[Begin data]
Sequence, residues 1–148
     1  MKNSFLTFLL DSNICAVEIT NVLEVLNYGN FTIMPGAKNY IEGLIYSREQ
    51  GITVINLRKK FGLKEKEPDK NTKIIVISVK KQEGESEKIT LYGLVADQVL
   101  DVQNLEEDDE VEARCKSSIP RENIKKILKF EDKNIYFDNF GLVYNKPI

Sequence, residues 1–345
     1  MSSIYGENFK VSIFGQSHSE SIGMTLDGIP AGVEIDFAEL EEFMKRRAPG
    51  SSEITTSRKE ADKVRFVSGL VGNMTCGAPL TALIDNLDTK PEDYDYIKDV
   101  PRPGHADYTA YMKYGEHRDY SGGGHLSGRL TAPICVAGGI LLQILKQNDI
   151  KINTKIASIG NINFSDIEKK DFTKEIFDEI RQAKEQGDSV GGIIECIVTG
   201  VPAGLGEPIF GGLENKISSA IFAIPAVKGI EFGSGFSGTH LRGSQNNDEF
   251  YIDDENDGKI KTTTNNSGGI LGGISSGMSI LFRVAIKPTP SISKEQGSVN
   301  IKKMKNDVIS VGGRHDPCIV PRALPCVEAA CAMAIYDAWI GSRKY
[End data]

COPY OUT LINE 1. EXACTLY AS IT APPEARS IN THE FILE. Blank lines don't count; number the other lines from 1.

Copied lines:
Sequence, residues 1–148